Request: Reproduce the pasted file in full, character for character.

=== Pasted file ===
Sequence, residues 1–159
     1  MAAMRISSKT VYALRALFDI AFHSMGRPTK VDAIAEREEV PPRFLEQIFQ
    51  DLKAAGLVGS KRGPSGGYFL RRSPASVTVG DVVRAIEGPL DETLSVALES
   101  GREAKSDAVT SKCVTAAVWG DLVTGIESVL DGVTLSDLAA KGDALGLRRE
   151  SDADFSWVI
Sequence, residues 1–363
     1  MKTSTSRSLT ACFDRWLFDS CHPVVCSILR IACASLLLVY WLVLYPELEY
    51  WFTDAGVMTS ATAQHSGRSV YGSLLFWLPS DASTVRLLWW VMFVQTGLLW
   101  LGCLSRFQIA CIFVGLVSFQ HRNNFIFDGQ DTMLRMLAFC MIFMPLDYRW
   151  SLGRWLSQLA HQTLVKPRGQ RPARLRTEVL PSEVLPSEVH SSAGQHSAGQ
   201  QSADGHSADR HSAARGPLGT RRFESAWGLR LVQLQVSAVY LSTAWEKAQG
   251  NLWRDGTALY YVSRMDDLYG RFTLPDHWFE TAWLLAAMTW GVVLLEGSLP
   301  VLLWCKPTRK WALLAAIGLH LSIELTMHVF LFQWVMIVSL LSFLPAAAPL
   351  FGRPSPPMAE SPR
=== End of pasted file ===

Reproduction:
Sequence, residues 1–159
     1  MAAMRISSKT VYALRALFDI AFHSMGRPTK VDAIAEREEV PPRFLEQIFQ
    51  DLKAAGLVGS KRGPSGGYFL RRSPASVTVG DVVRAIEGPL DETLSVALES
   101  GREAKSDAVT SKCVTAAVWG DLVTGIESVL DGVTLSDLAA KGDALGLRRE
   151  SDADFSWVI
Sequence, residues 1–363
     1  MKTSTSRSLT ACFDRWLFDS CHPVVCSILR IACASLLLVY WLVLYPELEY
    51  WFTDAGVMTS ATAQHSGRSV YGSLLFWLPS DASTVRLLWW VMFVQTGLLW
   101  LGCLSRFQIA CIFVGLVSFQ HRNNFIFDGQ DTMLRMLAFC MIFMPLDYRW
   151  SLGRWLSQLA HQTLVKPRGQ RPARLRTEVL PSEVLPSEVH SSAGQHSAGQ
   201  QSADGHSADR HSAARGPLGT RRFESAWGLR LVQLQVSAVY LSTAWEKAQG
   251  NLWRDGTALY YVSRMDDLYG RFTLPDHWFE TAWLLAAMTW GVVLLEGSLP
   301  VLLWCKPTRK WALLAAIGLH LSIELTMHVF LFQWVMIVSL LSFLPAAAPL
   351  FGRPSPPMAE SPR